X-Factor is a book that I always count on to deliver the goods, and this issue did not live up to its predecessors. For starters, events transpire between #223 and #224 that make it necessary for even a longtime fan to read the prologue. It felt like Peter David didn't know how to get around a plot hole, so he had certain events happen off panel. Specifically, Rahne is left at the end of the last issue being helped into a cabin by a stranger so she can give birth to her unborn cub; now we find her prisoner of said stranger. Of course, she is never in any real danger as the (very gruesome) birth of her cub results in the would-be baby snatcher getting his comeuppance. Rahne's immediate abandonment of her child also seems poorly justified. Sure, the wolf murders the first person it sees, but fighting a primal urge to kill is nothing Rahne isn't familiar with. David also ignores very recent events by presenting Hela in her original form despite having her character defeated / combined with X-Factor's own Darwin just last story arc. Am I being nit-picky? Am I that crazy fan that thinks the writer is ignorant of their own work? I may be straying into whiny fangirl territory, but I have high expectations for this title and this arc did not meet my standards.
Verdict: Not the finest moment in this series, but I'll still be coming back for more. Here's hoping I'm not disappointed.
Generation Hope #10 (Schism tie-in)
Writer: Kieron Gillen
Artist: Tim Seeley
Cover Price: $2.99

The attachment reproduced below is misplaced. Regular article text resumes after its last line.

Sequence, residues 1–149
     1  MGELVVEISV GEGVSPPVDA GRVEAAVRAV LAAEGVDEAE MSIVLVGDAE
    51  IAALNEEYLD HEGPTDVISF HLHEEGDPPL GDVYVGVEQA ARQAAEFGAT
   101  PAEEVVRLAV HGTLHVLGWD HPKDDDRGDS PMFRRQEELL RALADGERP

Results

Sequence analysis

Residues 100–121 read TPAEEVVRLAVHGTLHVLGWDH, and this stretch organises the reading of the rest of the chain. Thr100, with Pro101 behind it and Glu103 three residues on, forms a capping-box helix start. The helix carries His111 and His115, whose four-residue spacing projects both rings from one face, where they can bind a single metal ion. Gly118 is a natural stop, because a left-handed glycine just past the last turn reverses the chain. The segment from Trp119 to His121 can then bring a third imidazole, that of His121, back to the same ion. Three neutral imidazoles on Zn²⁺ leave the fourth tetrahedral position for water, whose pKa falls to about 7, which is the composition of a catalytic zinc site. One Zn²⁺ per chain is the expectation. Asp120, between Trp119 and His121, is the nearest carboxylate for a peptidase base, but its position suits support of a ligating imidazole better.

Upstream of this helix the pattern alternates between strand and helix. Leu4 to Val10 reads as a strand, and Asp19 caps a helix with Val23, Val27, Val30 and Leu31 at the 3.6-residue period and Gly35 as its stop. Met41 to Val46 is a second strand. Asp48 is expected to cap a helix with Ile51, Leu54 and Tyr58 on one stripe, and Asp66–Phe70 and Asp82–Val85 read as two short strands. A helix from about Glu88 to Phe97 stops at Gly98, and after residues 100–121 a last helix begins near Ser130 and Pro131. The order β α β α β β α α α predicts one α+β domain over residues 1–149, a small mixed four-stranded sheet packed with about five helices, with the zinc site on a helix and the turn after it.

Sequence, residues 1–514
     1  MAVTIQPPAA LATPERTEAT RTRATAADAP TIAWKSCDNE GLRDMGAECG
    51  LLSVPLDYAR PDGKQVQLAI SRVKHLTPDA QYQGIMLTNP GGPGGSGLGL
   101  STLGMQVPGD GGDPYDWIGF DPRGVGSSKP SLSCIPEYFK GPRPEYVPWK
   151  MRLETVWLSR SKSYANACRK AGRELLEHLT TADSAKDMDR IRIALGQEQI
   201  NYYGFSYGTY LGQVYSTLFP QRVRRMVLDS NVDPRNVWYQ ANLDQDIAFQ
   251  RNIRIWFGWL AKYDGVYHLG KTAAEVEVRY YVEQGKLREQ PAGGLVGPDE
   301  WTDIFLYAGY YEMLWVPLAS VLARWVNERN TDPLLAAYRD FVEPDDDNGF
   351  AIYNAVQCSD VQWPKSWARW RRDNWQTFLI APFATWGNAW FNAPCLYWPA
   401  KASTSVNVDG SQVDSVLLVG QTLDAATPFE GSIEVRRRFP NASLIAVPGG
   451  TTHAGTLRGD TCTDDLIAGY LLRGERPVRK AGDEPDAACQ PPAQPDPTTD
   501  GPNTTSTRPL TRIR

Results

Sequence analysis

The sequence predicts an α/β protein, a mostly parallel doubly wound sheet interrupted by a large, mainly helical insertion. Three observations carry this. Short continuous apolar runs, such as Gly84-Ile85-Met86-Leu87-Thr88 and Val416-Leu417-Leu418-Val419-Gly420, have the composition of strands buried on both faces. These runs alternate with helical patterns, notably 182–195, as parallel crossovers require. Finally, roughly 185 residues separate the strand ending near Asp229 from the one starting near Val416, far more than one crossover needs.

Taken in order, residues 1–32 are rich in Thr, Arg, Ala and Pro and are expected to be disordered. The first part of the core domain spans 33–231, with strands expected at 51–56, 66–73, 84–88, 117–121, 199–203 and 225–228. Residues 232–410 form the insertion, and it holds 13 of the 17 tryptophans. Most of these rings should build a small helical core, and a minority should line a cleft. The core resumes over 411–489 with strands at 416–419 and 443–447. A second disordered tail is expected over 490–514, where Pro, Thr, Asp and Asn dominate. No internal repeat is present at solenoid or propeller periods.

Despite having a repetitive concept (we get to see the same events of Schism #3 but from Idie's viewpoint), this issue was an insightful read for fans of X-Men: Schism and Generation Hope alike. Idie, a young new mutant on Hope's team, finds that she has become the last line of defense between the Hellfire Club and the incapacitated X-Men, as well as a vulnerable group of human bystanders. Despite objections from an absent Wolverine, Scott tells Idie to do what she feel she has to. We know from the beginning of the issue what that will end up being. The events that lead up to this final harrowing moment show us just how different the younger generation of mutants are from their mentors. While the older ranks experienced far more personal tragedies, partly because they did not know what they were, the newest generation weren't just gifted anomalies. They were born into a hatred that went beyond a fear of the unknown. Their loved ones knew what they were, and Xavier's school was never a well hidden sanctuary for these children. They grew up with the X-Men. Sadly, this issue does not reveal anything about Idie's past, and as a new reader I don't know if it has yet to be revealed or just hasn't been discussed since I began reading. Either way, the next issue (another Schism tie-in) would be a perfect opportunity to show readers why this character considered herself a monster long before she got blood on her hands. Tim Seeley takes over the art for this issue, and though he is very capable, it is difficult to cultivate regular readers with such frequent artist changes.